Winky's unjust firing forms a large part of Hermione's resolve to champion House-elf rights, though few, including House-elves, will initially support her cause. Once the seed is sown, however, Hermione remains passionately committed to fighting oppression and bigotry, a recurring theme throughout the series. And while many creatures suffer from disdain to outright racial hatred and discrimination, House-elves are perhaps the most mistreated and maligned among all magical folk, being virtual slaves without rights, representation, or purpose other than serving the wizard families they are indentured to. Ironically, House-elves are magically powerful creatures, as seen when Dobby protected Harry by threatening Lucius Malfoy in Harry Potter and the Chamber of Secrets. Dobby's threat alone was enough for Malfoy to immediately reconsider his actions. It is therefore curious as to just how House-elves became enslaved by wizards, though suppressing an intelligent and potentially magically superior race may have partially been behind wizards' motivation. While this is never explained, it is possible Elves were subjected to centuries-long and magically-induced behavioral conditioning (brainwashing), resulting in them willingly accepting slavery and basing their status and identity on the wizard Houses they happily and loyally serve, even those Elves who are mistreated. Hermione must overcome this huge obstacle if she is ever to realize her goal to liberate such a contentedly enslaved group.
When Amos Diggory retrieves the Stunned Winky from the woods behind the clearing, Bartemius Crouch immediately recognizes her as his own House-elf. When he goes into the same woods afterwards, he is looking for someone Winky had been charged with guarding. Winky is unable to explain what happened or tell anyone who cast the Dark Mark because she is magically bound to conceal any secrets she knows about the family she serves. Winky's offense was not that she was in the woods without permission, or even holding a wand, but that she failed to protect a family secret. This is a far more serious offense and the real reason she is sacked, though readers should consider why Crouch would dismiss such a valuable servant, or why he had been so quick to accuse Harry.
There are several clues that Winky is guarding someone. Harry's wand vanishes, later turning up in Winky's possession. This could only have happened if Harry had dropped it in the forest and Winky, or the person she was guarding, had picked it up, or if Winky or her associate had lifted it from Harry's pocket in the Top Box. When Winky runs across the forest path, she is apparently talking to herself and acting as if she is being restrained. In fact, someone hidden under an Invisibility Cloak, unseen to Harry, is restraining her. It is this person who casts the Morsmordre spell, and though he is Stunned by Ministry Wizards, he falls under the cloak and remains hidden from Amos Diggory. Crouch, knowing what he is looking for, finds and sends him home.
It is to the author's credit that, despite giving strong clues in this single chapter, we are unable to conclude that Winky was guarding someone until later in the story when that person, Barty Crouch Jr., explains what had happened during the riot.
Crouch dismissing Winky is, ironically, very likely what leads to his secret's final revelation, as Winky is Crouch's most powerful assistant in keeping Barty concealed. Considering what Winky knows about Crouch's activities, it is surprising that he would dismiss the House-elf from his household under any circumstances, thus allowing her to take that information with her. Though Winky feels compelled to remain loyal to the Crouch family, despite Bartemius' cruel treatment of her, not all dismissed Elves would act similarly; Dobby, for instance, reveals some Malfoy family secrets to Harry even before he is freed from their service. Just why Crouch is confident Winky will continue to protect his secrets is never explained, nor why he believes he can single-handedly guard this secret without Winky, his major ally. He may simply be reacting to feeling betrayed, and he then must follow through on his stated threats, even knowing that his life will be far more complicated without Winky's help.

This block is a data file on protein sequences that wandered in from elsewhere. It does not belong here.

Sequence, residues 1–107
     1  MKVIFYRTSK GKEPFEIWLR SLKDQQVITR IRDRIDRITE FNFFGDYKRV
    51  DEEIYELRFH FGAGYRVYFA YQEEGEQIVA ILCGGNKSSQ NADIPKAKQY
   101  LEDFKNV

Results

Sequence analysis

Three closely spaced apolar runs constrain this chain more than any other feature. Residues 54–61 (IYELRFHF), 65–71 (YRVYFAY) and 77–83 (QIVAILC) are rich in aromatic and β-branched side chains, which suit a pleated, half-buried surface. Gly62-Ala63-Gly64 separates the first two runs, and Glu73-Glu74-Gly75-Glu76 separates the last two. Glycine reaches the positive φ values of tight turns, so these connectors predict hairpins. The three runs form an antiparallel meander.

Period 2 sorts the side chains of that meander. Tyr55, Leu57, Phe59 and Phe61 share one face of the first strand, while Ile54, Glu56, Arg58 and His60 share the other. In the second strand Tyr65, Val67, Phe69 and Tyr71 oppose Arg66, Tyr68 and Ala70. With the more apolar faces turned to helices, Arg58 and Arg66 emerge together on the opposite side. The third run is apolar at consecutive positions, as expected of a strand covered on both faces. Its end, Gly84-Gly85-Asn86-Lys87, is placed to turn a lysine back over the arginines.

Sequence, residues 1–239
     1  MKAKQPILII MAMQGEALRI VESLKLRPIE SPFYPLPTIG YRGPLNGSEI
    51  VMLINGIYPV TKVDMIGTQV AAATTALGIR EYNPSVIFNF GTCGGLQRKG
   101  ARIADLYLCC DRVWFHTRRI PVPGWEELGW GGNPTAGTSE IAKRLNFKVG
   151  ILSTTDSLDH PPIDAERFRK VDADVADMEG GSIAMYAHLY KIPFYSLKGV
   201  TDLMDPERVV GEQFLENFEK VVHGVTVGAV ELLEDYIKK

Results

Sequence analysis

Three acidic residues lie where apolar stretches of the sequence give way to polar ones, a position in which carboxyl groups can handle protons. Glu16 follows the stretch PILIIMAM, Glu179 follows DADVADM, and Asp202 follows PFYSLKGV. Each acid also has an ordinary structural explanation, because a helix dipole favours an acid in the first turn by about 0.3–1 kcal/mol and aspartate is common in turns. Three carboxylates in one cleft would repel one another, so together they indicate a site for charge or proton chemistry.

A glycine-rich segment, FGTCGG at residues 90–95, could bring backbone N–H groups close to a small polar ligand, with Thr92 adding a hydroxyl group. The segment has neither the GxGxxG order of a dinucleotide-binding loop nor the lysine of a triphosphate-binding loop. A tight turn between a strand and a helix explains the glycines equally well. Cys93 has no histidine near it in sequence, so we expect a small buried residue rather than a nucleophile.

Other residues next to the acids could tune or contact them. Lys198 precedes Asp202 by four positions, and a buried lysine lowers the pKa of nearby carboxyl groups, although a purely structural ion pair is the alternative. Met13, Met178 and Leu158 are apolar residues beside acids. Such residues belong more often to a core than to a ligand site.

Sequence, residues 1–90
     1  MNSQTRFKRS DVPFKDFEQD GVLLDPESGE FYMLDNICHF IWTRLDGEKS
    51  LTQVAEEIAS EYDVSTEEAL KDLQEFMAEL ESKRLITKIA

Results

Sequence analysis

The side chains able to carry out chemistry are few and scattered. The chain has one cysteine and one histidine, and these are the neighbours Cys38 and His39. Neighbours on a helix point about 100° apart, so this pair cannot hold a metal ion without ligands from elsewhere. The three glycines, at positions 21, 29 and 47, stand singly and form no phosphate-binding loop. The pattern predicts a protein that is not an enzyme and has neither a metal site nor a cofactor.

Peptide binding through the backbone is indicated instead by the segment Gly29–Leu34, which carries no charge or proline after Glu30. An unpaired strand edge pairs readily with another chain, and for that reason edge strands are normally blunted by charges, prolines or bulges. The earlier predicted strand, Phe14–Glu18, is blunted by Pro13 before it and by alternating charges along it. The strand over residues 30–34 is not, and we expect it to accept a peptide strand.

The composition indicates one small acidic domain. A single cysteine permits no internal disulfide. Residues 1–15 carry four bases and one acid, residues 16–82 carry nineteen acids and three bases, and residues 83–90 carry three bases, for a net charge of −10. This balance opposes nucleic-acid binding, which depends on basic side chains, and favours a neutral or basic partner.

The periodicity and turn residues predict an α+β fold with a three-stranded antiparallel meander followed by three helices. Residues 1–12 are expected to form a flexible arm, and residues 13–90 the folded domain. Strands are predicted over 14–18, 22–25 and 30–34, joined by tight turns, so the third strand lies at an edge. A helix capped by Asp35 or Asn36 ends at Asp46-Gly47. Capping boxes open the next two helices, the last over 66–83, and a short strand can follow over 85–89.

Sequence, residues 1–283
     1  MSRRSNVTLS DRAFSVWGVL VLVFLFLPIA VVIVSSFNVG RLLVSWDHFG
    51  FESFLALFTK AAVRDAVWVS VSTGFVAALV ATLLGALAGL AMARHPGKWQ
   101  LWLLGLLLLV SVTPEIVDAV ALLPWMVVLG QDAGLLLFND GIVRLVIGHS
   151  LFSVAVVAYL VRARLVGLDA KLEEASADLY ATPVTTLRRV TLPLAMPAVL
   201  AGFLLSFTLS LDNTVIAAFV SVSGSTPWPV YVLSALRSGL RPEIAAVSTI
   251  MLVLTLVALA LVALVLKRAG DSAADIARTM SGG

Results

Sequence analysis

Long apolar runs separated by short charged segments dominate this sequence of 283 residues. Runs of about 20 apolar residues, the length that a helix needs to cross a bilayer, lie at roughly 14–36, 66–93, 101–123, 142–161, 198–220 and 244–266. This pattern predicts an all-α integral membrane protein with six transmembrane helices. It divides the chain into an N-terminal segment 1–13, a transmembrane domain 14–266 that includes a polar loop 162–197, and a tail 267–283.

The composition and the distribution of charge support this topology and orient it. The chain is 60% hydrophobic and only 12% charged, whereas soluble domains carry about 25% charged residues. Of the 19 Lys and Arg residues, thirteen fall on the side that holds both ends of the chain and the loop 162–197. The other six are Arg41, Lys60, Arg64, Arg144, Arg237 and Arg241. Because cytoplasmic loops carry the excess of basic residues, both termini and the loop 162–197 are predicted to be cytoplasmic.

The Goblins seen in the woods are probably counting their winnings from Ludo Bagman. Bagman's worries, we will learn, are likely because his "little flutter" has gone rather badly wrong, and it seems that he now owes more money than he has. Bagman was almost certainly aware that the Leprechaun gold was transient when he used it to pay off the Goblins. Though it has bought him some time, his current preoccupation is probably because he is now worried over how to deal with the inevitable fallout when that gold vanishes. Bagman has also paid off the Twins with Leprechaun gold, but as they pose less of a threat than the Goblins, Ludo will find them easy to ignore.
Ron's susceptibility to the Veela's alluring charms is seen again. Among the males surrounding the Veela, Harry recognizes Stan Shunpike, a character who later is put under the Imperius curse. We will learn shortly that Ron is affected by the Imperius curse to a greater extent than Harry, which could indicate that the Veelas' natural "charms" are somehow related to that curse's magic. Another character, Fleur Delacour, who is one-quarter Veela, will soon be introduced. The brief meeting with the Veela in the woods likely also is meant to explain why Ron will become so infatuated with Fleur, an infatuation which is also used to highlight aspects of Hermione's character.
- The charm used in this chapter to reveal the last spell cast by a wand is a variant of an effect seen later in this book. When Hermione's and Ron's wands are captured in the final book, Harry believes that this same effect will reveal that Hermione's wand was used to try and repair Harry's wand.
- Hermione's efforts to release the house-elves from slavery will result, in this book, in her discovery that Dobby and Winky have been employed by Professor Dumbledore and are working in the Hogwarts kitchens. She will, in the next book, resort to attempting to free the elves by arranging for them to receive clothing; this will result in the other elves shunning Gryffindor Tower and leaving Dobby to do all the cleaning and maintenance of that area. Dobby will, as a result, be able to give Harry the secret of entering the Room of Requirement.